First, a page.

Day two of Four Country Bumpkins go to London and we find ourselves all brushing our teeth in the tiny bathroom at the same time and talking gibberish. It is like a cross between the crowded cabin scene from the Marx Brothers'A Night at the Opera and Marlon Brando in cotton wool mode in The Godfather.
From Middlesex Street, we head down past St Paul's to the Tate Modern. The main turbine hall is dominated by a very large shipping container, a great big dark steel box on legs.
We sneer as we join the crowds making tentative steps up the tailgate. It is completely black inside, and we are tiny in a great big world. Our hands reach out and we are surprised to touch soft baize walls. We feel more comfortable and head to the back of the box. Elevated, we look back from whence we came, towards the light and the tall shadows made by those entering and exiting.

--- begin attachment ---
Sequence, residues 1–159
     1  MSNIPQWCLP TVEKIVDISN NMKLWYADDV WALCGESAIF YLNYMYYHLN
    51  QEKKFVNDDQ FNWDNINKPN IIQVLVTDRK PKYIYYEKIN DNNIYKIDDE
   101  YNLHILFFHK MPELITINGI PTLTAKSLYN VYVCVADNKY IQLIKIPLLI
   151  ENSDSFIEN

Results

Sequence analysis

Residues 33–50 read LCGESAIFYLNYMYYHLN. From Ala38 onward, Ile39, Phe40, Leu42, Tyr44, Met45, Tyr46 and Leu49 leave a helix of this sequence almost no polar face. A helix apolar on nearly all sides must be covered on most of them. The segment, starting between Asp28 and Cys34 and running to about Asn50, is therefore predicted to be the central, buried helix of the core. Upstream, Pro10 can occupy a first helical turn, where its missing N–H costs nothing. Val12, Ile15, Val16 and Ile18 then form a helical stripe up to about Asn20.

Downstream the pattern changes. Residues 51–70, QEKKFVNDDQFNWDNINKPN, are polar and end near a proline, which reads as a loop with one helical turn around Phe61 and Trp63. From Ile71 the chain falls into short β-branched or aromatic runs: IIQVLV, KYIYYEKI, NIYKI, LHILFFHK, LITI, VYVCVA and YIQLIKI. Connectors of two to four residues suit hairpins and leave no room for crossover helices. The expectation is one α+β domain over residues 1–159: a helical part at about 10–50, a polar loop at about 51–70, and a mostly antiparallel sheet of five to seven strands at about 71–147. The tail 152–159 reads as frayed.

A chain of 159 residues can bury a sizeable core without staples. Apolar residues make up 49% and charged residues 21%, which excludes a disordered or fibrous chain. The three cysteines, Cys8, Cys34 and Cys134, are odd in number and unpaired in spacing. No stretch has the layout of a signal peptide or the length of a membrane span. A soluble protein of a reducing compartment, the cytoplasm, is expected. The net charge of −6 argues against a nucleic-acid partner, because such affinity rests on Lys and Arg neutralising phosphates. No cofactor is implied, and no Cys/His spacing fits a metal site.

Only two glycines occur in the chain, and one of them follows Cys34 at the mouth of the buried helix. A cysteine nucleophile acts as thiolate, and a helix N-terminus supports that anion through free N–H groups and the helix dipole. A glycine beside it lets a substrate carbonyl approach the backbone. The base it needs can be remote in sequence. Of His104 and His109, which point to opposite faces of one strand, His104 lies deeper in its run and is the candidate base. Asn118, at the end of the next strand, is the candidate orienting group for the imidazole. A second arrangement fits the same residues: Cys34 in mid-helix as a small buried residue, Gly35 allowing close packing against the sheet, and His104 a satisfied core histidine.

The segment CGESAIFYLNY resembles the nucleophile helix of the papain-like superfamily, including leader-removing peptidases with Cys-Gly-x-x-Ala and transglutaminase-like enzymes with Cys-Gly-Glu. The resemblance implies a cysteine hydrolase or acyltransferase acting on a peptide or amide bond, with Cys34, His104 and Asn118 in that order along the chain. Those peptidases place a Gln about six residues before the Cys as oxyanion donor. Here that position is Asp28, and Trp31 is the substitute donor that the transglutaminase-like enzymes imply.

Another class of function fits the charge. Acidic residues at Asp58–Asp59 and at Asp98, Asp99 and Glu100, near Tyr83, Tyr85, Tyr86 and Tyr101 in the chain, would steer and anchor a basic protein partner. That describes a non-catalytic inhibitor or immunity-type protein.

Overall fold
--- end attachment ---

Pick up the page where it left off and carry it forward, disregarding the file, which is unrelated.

'Now what was all that about?' I ask Mr Sheepwash afterwards.
'Oh, to me, it represents existential nihilism in all its epistemological, metaphysical and ontological forms,' he says. I hope he is joking but he looks deadly serious.
Guardian reader Pelly sees the big box as a metaphor for illegal immigrants, crammed into a container on a ship bound for a faraway land.
I am still in Open University film and television history mode. For me, it is a homage to the final scenes of Spielberg's Close Encounters.
When I see five shiny aluminium ducting pipes on the turbine hall wall, I expect them to come out with those five classic five notes from John Williams' theme tune.
I ask Mr Grigg what he thinks about the box.
He is your archetypal Emperor Is Wearing No Clothes man. And I wouldn't have him any other way.
That's about it
Love Maddie x
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